A brachial plexus injury is a severe injury that can result in permanent disability. This type of injury is often caused by car accidents, falls, and sports injuries. When an individual sustains a brachial plexus injury, it can be difficult for them to move their arm or hand. The severity of the injury varies from person to person and depends on the location and severity of the damage to the nerves. If you have sustained a brachial plexus injury, it is important that you see an attorney as soon as possible because they can help you understand your rights and options.
What Is the Statute of Limitations for Filing a Birth Injury Malpractice Case Involving a Brachial Plexus Injury?
The statute of limitations for filing a birth injury malpractice case involving a brachial plexus injury depends on which state you reside in. Most states give two to three years from the date of the injury.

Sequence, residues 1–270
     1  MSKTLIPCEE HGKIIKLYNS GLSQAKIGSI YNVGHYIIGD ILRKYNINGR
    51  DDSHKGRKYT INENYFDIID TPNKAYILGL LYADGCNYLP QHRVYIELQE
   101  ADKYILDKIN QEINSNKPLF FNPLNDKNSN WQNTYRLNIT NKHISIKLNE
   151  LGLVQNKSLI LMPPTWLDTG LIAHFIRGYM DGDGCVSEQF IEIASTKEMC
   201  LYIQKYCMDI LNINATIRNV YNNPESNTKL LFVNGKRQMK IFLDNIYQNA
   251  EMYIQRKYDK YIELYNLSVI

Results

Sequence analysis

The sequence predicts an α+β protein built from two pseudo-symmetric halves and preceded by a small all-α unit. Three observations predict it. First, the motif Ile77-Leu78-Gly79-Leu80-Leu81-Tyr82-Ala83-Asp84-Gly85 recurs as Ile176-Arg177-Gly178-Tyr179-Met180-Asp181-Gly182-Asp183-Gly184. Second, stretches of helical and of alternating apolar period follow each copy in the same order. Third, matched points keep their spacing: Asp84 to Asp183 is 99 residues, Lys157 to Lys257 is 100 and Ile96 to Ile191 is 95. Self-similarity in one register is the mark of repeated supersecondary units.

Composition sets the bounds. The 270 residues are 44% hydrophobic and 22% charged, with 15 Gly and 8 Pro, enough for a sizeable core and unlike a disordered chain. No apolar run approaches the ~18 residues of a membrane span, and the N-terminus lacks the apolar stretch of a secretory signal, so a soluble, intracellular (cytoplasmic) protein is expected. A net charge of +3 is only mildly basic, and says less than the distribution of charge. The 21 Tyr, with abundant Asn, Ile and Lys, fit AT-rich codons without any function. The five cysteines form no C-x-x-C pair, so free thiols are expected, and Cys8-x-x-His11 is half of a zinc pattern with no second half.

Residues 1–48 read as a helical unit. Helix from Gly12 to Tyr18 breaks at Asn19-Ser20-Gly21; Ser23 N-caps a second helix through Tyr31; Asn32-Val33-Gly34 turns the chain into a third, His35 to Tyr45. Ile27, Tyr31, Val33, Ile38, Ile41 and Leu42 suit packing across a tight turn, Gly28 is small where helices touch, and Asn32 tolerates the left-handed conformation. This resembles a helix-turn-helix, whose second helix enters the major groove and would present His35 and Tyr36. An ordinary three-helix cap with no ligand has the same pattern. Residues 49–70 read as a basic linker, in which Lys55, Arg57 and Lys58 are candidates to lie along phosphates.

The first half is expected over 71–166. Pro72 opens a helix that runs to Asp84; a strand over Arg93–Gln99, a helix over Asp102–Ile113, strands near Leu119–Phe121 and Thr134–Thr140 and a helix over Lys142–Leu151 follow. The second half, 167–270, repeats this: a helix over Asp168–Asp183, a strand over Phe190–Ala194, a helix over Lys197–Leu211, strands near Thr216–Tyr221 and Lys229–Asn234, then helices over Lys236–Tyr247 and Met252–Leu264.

Can You Recover From a Brachial Plexus Injury?
Recovery from a brachial plexus injury is different for everyone and depends on the severity of the injury. For some people, recovery may take months or years and for others, it may take days or weeks.
How Long Does It Take for a Person to Recover From a Brachial Plexus Injury?
It depends on the severity of the injury. A mild injury may take as little as a few weeks. A more severe injury, especially with damage to the spinal cord, may take months or years.
How Our Process Works
Once you’ve contacted our firm, our team of legal specialists including head personal injury lawyer Chris Mova will conduct a thorough investigation on the cause of the accident and where negligence can be proven against the other party. In almost every state within the United States including California, if you are found to be partially at fault, you can still file for compensation.
Here’s an example of how this works:
Example) If you were found to be at fault for the accident by 50%, then our firm will file for personal injury compensation against Amazon for the other 50% negligence held by their delivery driver.
Typically in most accident cases, if the at-fault party does not have insurance, we can go after your own insurance for compensation. In this case, since there is such a large insurance policy involved in the accident, more medical bills can be covered and better quality of doctors and health specialists can be used to treat your injuries if we were to go after the Amazon accident insurance policy. Makes sense right?